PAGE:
Therefore, algae are photoautotrophic organisms and present a rapid growth in a short time, which allows them to be cultivated in this type of water; since the absorption of nutrients by microalgae uses a high content of nitrogen, silicon, phosphate, and sulphate from human or animal waste; in addition, they can retain carbon dioxide (CO2) from industrial sources. Thus, these reasons support the research on microalgae Chlorella vulgaris since obtaining them is not an obstacle.

In a study carried out in 2006 by the Mexican Ministry of Energy (SENER), it is mentioned that the production of biodiesel on a commercial scale can be feasible in the medium term if comprehensive actions are carried out, including technical, economic, and environmental aspects with the agricultural and agro-industrial sector, combining efforts in research and technological development. They allude that Mexico requires 10 industrial plants with a capacity of 100,000 tons/year each, just to replace 5% of petroleum diesel used each year and recommend that the production and processing be carried out with technologies designed and built in the country itself. They also argue that the use of biodiesel would reduce hydrocarbon emissions by 45%, 47% of CO2, and up to 66% of particulate emissions into the environment (Escalante 2019).

In this sense, long-chain fatty acids obtained from renewable biomass (vegetable oils, animal fats, and microalgae oils) represent the main raw material for the production of liquid biodiesel obtained in the form of alkyl esters of short-chain alcohols such as ethanol and methanol. The most commonly used processes for obtaining biodiesel are pyrolysis and transesterification; however, in the first case, the method is expensive and offers low yields, while the second is presented as the most viable method for obtaining biodiesel. This process of converting oils to biodiesel is necessary because vegetable oils or oils extracted from microalgae have high viscosity and low volatility, causing incomplete combustion and the disposal of carbon deposits (Escalante 2019).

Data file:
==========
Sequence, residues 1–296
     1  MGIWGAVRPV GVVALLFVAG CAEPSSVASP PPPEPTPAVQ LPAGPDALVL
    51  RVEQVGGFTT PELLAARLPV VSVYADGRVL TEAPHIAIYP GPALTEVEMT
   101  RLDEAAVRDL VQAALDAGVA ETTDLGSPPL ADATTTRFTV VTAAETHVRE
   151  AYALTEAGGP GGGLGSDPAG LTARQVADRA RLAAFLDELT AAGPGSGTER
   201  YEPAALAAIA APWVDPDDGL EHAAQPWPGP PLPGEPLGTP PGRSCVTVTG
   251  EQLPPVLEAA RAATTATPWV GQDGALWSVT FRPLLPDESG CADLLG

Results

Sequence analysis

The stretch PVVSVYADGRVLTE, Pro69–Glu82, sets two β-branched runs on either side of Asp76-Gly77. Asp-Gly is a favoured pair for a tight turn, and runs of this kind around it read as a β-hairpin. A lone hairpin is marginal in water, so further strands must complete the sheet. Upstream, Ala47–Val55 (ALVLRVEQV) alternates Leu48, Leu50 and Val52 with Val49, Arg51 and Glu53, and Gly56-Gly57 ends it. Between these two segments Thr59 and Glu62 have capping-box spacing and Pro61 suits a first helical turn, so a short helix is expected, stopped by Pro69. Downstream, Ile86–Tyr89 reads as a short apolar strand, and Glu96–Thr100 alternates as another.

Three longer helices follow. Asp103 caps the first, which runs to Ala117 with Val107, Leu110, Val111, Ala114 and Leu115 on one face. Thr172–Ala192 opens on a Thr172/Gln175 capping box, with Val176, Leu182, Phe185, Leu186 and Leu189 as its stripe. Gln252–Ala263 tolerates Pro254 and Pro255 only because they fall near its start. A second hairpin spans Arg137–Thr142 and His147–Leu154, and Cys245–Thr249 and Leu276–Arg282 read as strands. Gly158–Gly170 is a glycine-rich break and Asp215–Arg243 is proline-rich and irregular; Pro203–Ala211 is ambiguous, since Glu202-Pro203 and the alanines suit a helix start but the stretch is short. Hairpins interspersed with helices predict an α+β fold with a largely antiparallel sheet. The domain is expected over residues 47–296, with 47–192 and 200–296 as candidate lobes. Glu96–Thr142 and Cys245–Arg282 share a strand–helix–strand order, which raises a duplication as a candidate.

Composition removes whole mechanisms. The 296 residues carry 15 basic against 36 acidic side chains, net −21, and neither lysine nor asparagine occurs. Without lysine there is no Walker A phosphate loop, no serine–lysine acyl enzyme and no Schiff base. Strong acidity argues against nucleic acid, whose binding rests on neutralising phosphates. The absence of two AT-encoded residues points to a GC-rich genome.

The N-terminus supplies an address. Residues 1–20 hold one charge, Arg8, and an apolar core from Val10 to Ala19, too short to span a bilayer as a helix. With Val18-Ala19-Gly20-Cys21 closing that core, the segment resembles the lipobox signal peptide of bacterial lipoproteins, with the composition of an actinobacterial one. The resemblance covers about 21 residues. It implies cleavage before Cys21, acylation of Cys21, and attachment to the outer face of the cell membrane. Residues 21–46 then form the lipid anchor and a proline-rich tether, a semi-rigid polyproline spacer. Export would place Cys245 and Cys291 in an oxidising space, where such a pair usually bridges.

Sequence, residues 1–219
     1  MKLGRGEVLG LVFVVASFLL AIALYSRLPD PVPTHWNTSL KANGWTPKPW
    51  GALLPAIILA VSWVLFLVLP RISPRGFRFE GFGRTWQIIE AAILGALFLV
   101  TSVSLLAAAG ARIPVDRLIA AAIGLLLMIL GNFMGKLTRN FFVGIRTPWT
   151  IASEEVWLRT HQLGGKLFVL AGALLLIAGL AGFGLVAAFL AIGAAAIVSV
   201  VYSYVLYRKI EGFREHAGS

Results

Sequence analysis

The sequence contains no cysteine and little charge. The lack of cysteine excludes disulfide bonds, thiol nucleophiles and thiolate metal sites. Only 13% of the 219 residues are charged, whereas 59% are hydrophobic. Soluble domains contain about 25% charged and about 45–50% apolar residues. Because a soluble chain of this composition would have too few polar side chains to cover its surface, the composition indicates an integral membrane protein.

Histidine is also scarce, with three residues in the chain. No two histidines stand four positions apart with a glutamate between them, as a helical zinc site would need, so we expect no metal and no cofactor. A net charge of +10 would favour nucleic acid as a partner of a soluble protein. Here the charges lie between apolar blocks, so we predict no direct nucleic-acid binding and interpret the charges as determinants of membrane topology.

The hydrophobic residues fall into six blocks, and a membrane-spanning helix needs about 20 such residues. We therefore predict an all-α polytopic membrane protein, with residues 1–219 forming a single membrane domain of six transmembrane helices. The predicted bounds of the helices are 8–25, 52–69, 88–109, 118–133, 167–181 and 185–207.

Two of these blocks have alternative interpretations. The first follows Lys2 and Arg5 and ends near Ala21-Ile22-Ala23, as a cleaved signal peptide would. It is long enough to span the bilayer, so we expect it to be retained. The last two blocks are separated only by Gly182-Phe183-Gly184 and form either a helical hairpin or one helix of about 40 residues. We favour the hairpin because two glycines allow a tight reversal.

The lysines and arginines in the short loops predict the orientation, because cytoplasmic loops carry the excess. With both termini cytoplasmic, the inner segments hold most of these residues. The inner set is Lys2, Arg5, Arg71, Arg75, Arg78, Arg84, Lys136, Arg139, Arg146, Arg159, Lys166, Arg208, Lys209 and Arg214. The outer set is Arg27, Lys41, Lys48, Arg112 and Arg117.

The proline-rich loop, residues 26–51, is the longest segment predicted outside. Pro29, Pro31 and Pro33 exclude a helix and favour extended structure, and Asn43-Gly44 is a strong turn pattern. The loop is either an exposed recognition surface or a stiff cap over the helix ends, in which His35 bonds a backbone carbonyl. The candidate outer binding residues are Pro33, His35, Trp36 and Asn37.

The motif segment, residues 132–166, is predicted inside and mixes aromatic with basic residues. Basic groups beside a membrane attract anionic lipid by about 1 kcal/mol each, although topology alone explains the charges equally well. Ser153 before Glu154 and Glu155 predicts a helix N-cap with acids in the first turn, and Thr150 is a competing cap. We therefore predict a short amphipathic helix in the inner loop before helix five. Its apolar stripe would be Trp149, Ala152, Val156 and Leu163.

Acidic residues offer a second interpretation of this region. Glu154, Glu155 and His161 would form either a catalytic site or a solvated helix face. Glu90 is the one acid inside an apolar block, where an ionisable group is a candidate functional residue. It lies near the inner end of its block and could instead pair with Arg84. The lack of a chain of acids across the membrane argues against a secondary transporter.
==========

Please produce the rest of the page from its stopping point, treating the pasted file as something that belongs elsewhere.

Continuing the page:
Large-scale cultivation of microalgae seeks to obtain significant amounts of a valuable product; therefore, the productivity of the system must be maximized. Understanding the factors that determine optimal growth is fundamental (Robles et al 2019): 

Temperature is a very important environmental factor due to its great influence on the development of microalgae. The effect of temperature on biochemical composition mainly affects two different mechanisms: the temperature dependence rate of chemical and biochemical reactions, and the temperature dependence for photosynthetic carbon fixation in various types of macromolecules, such as proteins, carbohydrates, and lipids.

 This type of microalgae has an impact especially on the ecology since through them is a very important advantage from the energy and ecological point of view, since they have a minimum level of emission of harmful gases such as carbon dioxide (CO2), the main compound of the greenhouse effect (Gonzalez 2015). In addition to reducing other amounts of pollutants, thus defining biodiesel as a biodegradable product, which from this can also be obtained vegetable oils such as soybean, palm, sunflower, and others.


Microalgae Chlorella vulgaris

Microalgae are microscopic photosynthetic and unicellular microorganisms; they are classified into prokaryotes and eukaryotes that can grow autotrophically or heterotrophically. They are divided into different groups depending on their taxonomy. Chlorella vulgaris is a unicellular algae with green pigmentation and spherical shape; considered as an option for the production of biodiesel and bioethanol because of its high content of lipids and oils; however, they have the ability to produce biomass quickly compared to other energy crops. These organisms, like plants, are able to use CO2 and sunlight to generate complex biomolecules that are necessary for their survival. In general, they are photoautotrophic organisms, that is, they obtain energy from light coming from the sun and develop from inorganic matter. However, some species are able to grow using organic matter as a source of energy or carbon. The selection of microalgae is the first step in the development of a production process, they must have the appropriate characteristics for the specific cultivation conditions in order to achieve a certain product (Table 1) (Escalante 2019).


Table 1

Lipid percentage and biomass and lipid productivity of different microalgae


Species Accumulated lipids (%) Biomass productivity (g-L-1 -d-1) Lipid Productivity (g-L-1 -d-1) Reference
Anabaena variabilis Kützing ex Bornet & Flahault 46.90 0.1156 0.0542 Han et al. (2016)
Ankistrodesmus falcatus (Corda) Ralfs 59.60 0.1246 0.074 Singh et al. (2015)
Chaetoceros muelleri Lemmerman 43.40 0.2720 --- Wang et al. (2014)
Chlamydomonas reinhardtii P.A. Dangeard 25.25 2.0 0.505 Kong et al. (2010)
Chlamydomonas sp. 33.10 --- 0.169 Nakanishi et al. (2014).
Chlorella sorokiniana Shihira et R. W.Krauss 31.50 12.2 2.9 Li et al. (2013)
Chlorella minutissima Fott et Nováková (UTEX2341) 62.97 1.78 0.29 Li et al. (2011)
Chlorella pyrenoidosa H. Chick 24.25 0.144 0.02685 Tang et al. (2011)
Auxenochlorella protothecoides (Krüger) Kalina et Puncochárová (= Chlorella protothecoides Krüger) 51.50 --- 1.19 Mu et al (2015)